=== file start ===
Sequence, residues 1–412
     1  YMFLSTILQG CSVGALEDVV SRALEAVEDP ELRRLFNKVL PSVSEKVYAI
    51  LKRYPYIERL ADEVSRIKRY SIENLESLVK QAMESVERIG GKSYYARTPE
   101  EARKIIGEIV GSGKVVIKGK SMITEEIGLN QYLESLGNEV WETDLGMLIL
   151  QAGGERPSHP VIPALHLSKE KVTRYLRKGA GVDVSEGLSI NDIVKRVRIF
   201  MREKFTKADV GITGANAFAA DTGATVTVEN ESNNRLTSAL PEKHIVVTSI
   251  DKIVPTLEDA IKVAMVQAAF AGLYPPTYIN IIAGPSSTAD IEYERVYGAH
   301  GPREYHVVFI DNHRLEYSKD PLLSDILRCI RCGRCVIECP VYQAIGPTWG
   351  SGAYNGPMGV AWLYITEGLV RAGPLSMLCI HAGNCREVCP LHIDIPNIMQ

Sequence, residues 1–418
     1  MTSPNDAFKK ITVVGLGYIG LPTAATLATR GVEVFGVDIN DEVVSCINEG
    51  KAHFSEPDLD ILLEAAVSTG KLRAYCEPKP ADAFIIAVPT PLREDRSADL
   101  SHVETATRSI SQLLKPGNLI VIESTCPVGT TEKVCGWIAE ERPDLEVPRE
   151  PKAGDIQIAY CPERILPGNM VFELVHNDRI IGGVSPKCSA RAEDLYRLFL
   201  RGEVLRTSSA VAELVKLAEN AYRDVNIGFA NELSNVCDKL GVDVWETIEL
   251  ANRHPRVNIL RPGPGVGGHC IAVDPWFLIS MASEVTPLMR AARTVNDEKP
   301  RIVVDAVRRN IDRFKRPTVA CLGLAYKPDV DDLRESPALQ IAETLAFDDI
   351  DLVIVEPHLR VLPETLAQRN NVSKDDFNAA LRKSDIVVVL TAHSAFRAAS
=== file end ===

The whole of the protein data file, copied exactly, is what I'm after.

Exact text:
Sequence, residues 1–412
     1  YMFLSTILQG CSVGALEDVV SRALEAVEDP ELRRLFNKVL PSVSEKVYAI
    51  LKRYPYIERL ADEVSRIKRY SIENLESLVK QAMESVERIG GKSYYARTPE
   101  EARKIIGEIV GSGKVVIKGK SMITEEIGLN QYLESLGNEV WETDLGMLIL
   151  QAGGERPSHP VIPALHLSKE KVTRYLRKGA GVDVSEGLSI NDIVKRVRIF
   201  MREKFTKADV GITGANAFAA DTGATVTVEN ESNNRLTSAL PEKHIVVTSI
   251  DKIVPTLEDA IKVAMVQAAF AGLYPPTYIN IIAGPSSTAD IEYERVYGAH
   301  GPREYHVVFI DNHRLEYSKD PLLSDILRCI RCGRCVIECP VYQAIGPTWG
   351  SGAYNGPMGV AWLYITEGLV RAGPLSMLCI HAGNCREVCP LHIDIPNIMQ

Sequence, residues 1–418
     1  MTSPNDAFKK ITVVGLGYIG LPTAATLATR GVEVFGVDIN DEVVSCINEG
    51  KAHFSEPDLD ILLEAAVSTG KLRAYCEPKP ADAFIIAVPT PLREDRSADL
   101  SHVETATRSI SQLLKPGNLI VIESTCPVGT TEKVCGWIAE ERPDLEVPRE
   151  PKAGDIQIAY CPERILPGNM VFELVHNDRI IGGVSPKCSA RAEDLYRLFL
   201  RGEVLRTSSA VAELVKLAEN AYRDVNIGFA NELSNVCDKL GVDVWETIEL
   251  ANRHPRVNIL RPGPGVGGHC IAVDPWFLIS MASEVTPLMR AARTVNDEKP
   301  RIVVDAVRRN IDRFKRPTVA CLGLAYKPDV DDLRESPALQ IAETLAFDDI
   351  DLVIVEPHLR VLPETLAQRN NVSKDDFNAA LRKSDIVVVL TAHSAFRAAS